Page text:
President George W. Bush has got a very serious problem. Before asking Congress for a joint resolution authorizing the use of U.S. military forces in Iraq, he made a number of unequivocal statements about the reason the United States needed to pursue the most radical actions any nation can undertake -- acts of war against another nation.
Now it is clear that many of his statements appear to be false. In the past, Bush's White House has been very good at sweeping ugly issues like this under the carpet, and out of sight. But it is not clear that they will be able to make the question of what happened to Saddam Hussein's weapons of mass destruction (WMDs) go away -- unless, perhaps, they start another war.
That seems unlikely. Until the questions surrounding the Iraqi war are answered, Congress and the public may strongly resist more of President Bush's warmaking.
Presidential statements, particularly on matters of national security, are held to an expectation of the highest standard of truthfulness. A president cannot stretch, twist or distort facts and get away with it. President Lyndon Johnson's distortions of the truth about Vietnam forced him to stand down from reelection. President Richard Nixon's false statements about Watergate forced his resignation.
Frankly, I hope the WMDs are found, for it will end the matter. Clearly, the story of the missing WMDs is far from over. And it is too early, of course, to draw conclusions. But it is not too early to explore the relevant issues.
Sobering words from John Dean over at CNN's FindLaw. What surprises me the most is that none of this was thought of as the distortions were taking place. I thought this war was fradulent all along, in terms of the actual reasons given, as well as the evidence backing it up, but once it was on I figured the administration had a way to cover its tracks. I thought it was a shame to this nation that our leadership had sunk to the level of citing evidence, at the highest levels of government, that in prominent cases was either plagiarized or forged, but I never suspected us to come to shame before the world, or screw up so badly in the Iraqi war aftermath.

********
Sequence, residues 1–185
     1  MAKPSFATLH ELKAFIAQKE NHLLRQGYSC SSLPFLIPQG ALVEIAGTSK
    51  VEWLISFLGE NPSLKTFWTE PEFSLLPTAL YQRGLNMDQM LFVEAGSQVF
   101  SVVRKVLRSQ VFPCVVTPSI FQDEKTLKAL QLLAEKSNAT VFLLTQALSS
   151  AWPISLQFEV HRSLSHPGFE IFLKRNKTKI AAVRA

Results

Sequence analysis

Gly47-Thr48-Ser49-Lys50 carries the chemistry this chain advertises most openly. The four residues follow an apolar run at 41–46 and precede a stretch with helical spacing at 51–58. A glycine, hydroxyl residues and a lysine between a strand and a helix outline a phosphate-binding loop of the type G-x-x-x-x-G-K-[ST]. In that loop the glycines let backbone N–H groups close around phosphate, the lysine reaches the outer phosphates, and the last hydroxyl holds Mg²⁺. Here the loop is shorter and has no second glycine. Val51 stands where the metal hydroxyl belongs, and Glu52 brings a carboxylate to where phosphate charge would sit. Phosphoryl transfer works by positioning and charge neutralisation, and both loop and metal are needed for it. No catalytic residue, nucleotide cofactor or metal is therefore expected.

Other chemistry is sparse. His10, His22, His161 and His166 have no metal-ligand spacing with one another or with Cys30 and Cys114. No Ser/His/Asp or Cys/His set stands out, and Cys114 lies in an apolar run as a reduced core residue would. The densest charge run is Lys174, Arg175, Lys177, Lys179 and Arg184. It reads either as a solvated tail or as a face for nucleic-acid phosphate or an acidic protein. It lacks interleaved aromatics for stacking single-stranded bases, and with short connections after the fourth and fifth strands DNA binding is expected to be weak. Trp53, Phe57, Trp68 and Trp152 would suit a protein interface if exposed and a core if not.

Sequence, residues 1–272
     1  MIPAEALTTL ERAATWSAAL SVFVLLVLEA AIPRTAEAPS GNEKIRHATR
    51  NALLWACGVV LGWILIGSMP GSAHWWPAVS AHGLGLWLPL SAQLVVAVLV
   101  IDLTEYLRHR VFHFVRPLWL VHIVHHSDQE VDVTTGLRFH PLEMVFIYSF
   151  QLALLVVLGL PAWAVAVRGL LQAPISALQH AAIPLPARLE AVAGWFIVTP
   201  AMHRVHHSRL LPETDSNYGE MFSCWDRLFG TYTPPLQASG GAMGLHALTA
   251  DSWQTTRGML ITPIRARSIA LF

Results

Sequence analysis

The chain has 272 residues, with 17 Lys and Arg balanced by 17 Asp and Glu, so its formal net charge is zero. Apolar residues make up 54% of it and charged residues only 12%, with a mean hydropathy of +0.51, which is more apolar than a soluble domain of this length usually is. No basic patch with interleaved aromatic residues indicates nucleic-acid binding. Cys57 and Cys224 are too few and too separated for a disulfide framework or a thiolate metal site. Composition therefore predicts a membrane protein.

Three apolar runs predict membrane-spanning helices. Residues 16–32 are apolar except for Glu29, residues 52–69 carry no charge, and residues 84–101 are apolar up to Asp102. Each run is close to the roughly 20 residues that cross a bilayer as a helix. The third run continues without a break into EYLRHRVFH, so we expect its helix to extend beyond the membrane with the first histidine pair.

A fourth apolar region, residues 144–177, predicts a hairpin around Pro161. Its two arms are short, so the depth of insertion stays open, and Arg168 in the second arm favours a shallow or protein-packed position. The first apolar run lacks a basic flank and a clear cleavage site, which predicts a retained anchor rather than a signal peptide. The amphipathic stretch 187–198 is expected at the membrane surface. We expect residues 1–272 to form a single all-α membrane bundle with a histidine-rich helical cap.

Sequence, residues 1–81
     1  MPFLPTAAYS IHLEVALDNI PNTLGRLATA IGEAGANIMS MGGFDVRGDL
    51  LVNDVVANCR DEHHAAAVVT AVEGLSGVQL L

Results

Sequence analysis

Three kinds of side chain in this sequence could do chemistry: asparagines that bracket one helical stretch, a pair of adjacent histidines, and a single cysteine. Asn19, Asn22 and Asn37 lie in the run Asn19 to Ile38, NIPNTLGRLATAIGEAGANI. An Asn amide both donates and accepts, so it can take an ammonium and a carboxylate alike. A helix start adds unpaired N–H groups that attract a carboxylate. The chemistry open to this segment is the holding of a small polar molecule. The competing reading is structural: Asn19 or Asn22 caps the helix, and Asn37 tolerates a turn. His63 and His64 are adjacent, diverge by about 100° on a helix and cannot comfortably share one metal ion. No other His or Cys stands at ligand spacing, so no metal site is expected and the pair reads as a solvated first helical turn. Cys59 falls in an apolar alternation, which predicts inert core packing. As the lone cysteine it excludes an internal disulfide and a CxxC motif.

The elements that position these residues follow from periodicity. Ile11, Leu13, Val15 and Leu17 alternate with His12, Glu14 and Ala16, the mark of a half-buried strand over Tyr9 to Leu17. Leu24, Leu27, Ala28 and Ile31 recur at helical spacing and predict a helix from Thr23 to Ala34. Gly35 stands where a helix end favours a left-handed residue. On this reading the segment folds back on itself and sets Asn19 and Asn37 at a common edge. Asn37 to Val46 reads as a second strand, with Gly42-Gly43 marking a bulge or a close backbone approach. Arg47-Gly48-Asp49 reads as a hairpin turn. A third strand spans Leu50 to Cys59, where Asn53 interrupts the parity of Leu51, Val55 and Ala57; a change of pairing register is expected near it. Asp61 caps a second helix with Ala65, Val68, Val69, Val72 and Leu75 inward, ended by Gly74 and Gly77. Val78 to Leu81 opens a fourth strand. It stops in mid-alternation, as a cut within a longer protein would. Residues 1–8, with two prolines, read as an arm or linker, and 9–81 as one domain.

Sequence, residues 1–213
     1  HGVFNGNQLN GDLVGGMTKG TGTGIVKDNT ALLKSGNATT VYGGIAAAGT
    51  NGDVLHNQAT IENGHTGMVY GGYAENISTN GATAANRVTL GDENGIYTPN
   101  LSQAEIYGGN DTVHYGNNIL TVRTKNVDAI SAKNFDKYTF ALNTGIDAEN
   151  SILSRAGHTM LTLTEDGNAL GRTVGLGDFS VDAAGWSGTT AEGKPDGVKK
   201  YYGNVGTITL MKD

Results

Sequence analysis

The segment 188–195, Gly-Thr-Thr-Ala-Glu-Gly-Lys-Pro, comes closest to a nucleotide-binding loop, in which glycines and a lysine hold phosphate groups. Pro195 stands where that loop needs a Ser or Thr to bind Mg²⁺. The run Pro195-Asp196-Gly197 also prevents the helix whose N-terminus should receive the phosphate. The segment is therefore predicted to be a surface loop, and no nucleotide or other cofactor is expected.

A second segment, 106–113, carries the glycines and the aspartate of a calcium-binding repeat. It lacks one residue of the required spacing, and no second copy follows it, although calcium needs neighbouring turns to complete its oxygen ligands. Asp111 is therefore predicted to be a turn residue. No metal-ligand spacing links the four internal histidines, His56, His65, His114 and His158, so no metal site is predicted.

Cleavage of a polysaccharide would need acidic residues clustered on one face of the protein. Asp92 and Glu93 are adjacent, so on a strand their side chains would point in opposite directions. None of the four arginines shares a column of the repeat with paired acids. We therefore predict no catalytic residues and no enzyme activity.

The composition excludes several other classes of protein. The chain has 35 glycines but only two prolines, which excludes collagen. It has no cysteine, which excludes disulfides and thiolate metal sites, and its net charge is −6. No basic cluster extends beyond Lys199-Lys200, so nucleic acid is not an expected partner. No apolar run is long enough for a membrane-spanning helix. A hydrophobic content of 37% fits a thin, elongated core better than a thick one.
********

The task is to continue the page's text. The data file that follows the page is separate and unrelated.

What kind of leadership is this? I want to be proud of my leaders, of my country, what it stands for and what it does, but at least as far as our actions, and leaders, there is increasingly a feeling that we will not be able to escape responsibility, or shame, and that along with healing the wounds and trauma of 9/11, which we have not accomplished to any degree yet with our warmongering and color-coded fear reinforcement messages, we will also have to deal with this latest wound, which we have self-inflicted.
We really need to, as a nation, come to grips with being vulnerable again, for the first time on the homeland since Pearl Harbor, and do so in a way that is humane, civilized, and emotionally effective. To do this, we need strong and compassionate leaders who can "say no" to those who do not see, or feel, the larger issues, and who instead seek to further their own, sometimes long hibernating, agendas. We need to take the time to heal, and to reflect, so that we can determine the most soulful and sensible course of action. Reactive behavior is not called for, not in our best interests, and will not lead to peace or relief of grief and suffering. We need to act in our own best interests, with the light of all information shining on the decisions to bear, so that we can stand tall with our heads high behind our leadership and actions, no matter the end result.